Bangko Sentral ng Pilipinas Governor Felipe Medalla said Monday the strong domestic banking system can withstand the possible shocks from the collapse of two lenders in the United States.
Medalla sent notes to President Ferdinand Marcos Jr. to assure the stability of the Philippine banking system amid the collapse of Silicon Valley Bank and Signature Bank in the US and underscored the strength of the domestic asset base that significantly differs from that of the US.
Medalla said local banks mostly hold loans which are less susceptible to changes in fair value, while security holdings of the California-based Silicon Valley Bank were larger in relation to their capital.
“[Local banks] have lower market risk exposure compared to US banks. Losses of Philippine banks, including estimated net unrealized losses on security holdings due to the rising interest rate environment, are expected to be smaller [as a percentage of assets] relative to their US counterparts,” Medalla said.
Medalla said the US Federal Reserve’s policy rates rate hikes were larger and came from a lower level than the BSP policy rates. He said the Philippines’ yield curve did not invert similar to the US yield curve.
Medalla also noted that US banks’ bond holdings have longer tenors of up to 30 years, while Philippine banks mostly hold government securities with residual maturity of up to 15 years.
He said local banks maintain a diversified lending base across counterparties and industry types, and their loan quality is manageable. They also have strong risk governance and risk management systems and maintain sufficient capital to absorb unexpected losses from policy rate increases.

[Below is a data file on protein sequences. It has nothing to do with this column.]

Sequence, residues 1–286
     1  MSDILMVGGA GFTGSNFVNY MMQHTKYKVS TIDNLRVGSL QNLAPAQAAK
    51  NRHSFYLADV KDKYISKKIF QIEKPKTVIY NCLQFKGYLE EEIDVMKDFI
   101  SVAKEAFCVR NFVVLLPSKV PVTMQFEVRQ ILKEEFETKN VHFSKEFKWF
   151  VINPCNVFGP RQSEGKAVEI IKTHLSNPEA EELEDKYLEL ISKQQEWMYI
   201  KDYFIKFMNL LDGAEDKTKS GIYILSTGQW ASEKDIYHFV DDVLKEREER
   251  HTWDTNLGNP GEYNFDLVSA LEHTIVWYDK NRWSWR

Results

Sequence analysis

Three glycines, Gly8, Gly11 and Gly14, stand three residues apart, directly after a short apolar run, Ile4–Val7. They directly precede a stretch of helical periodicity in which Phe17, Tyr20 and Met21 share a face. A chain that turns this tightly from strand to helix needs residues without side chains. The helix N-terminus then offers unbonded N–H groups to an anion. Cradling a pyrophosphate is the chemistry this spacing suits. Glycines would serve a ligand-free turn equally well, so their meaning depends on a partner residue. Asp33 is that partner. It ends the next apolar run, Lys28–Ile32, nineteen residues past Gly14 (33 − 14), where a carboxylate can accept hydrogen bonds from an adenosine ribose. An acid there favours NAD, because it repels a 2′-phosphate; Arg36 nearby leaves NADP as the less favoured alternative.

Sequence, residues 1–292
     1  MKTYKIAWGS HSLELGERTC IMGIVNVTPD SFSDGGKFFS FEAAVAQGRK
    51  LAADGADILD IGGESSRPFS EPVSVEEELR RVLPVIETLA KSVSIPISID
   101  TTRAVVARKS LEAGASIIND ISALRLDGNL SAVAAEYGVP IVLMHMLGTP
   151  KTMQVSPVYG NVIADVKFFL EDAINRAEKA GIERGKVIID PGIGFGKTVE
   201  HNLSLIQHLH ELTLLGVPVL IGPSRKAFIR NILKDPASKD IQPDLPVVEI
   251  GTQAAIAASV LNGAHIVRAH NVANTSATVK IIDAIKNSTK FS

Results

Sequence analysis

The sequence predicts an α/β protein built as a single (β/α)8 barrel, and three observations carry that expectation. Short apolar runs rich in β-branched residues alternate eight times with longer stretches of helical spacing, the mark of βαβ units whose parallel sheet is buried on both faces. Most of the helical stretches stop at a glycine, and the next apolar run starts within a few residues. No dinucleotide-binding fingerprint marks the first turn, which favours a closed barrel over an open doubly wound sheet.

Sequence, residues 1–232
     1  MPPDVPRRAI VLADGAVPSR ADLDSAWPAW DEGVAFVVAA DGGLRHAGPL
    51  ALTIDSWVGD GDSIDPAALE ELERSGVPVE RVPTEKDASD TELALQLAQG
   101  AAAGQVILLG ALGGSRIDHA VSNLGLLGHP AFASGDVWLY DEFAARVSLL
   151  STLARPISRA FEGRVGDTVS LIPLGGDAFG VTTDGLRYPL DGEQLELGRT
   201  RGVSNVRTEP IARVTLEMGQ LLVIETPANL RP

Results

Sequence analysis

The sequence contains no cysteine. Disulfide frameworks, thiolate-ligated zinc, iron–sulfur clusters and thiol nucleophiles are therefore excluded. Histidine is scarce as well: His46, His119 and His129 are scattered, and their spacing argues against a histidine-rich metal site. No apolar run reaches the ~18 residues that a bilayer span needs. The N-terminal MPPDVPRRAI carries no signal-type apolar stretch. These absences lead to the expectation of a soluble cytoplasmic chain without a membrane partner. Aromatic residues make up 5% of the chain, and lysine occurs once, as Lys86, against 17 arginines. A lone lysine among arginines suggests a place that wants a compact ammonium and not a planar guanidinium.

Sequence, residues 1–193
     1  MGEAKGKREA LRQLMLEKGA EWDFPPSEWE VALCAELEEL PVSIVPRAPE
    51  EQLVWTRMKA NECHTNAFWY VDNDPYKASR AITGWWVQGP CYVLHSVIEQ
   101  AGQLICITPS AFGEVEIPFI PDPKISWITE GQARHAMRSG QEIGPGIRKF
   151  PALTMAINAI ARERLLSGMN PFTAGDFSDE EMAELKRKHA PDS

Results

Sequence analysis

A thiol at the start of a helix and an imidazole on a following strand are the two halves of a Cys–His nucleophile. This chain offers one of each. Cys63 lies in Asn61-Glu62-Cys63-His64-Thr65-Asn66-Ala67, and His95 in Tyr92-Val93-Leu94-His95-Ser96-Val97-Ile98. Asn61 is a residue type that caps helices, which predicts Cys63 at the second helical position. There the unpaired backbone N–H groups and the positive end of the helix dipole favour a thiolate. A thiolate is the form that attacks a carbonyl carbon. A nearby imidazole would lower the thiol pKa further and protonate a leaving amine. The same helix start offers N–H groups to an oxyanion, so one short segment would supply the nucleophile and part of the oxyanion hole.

“[Local banks] are highly liquid and tend to rely on a wide depositor base compared to US banks,” Medalla said, adding that domestic lenders do not have material exposure to the failed banks in the US.
“Nonetheless, the BSP will continue to closely monitor developments, assess their impact on the banking system and respond accordingly,” Medalla said.
Medalla said the BSP implemented structural reforms to ensure the safety and soundness of banks. These include adoption of sound governance and risk management standards which enable banks to assume risks commensurate with their risk-bearing capacity; prudential limits and requirements, including the Basel III reforms on capital and liquidity standards which enable banks to maintain adequate capital and liquidity; and strengthened surveillance mechanisms and coordination efforts which allow the BSP to closely monitor developments that may pose risks to the financial system and proactively respond as warranted.
The BSP also has in place emergency loan facilities which could be tapped by solvent banks experiencing serious liquidity problems. The BSP was also given enhanced resolution authority through the amendments to the Charter of the Philippine Deposit Insurance Corp.
Finance Secretary Benjamin Diokno, the head of the economic team, earlier assured that the economy and the local banks remained strong and would not be affected by the recent financial turmoil in the United States.
The 44-member strong Bankers Association of the Philippines also assured the public that developments in the US financial system have no substantial or material impact on Philippine banks.
Citing the latest available data, Medalla said as that of end-January 2023, total loan portfolio, net of allowance for credit losses, comprised the largest share of the banking system’s total assets at 53 percent, followed by investments and cash and due from banks with 29.2-percent share and 12.2-percent share, respectively.
The banking system’s non-performing loans ratio stood at 3.3 percent as of end-January 2023, down from 4.1 percent a year ago.
Reports on Monday also said the UBS Group agreed to buy ailing competitor Credit Suisse for $3.25 billion as part of an “emergency ordinance” to prevent financial market instability. Commenting on the said development, Medalla said that meant Credit Suisse is too big to fail.
“It does not look like that other globally systemically important banks [GSIBs] have the same problem, in which case the impact on the global economy [and therefore the Philippines] will not be significant,” Medalla said. Julito G. Rada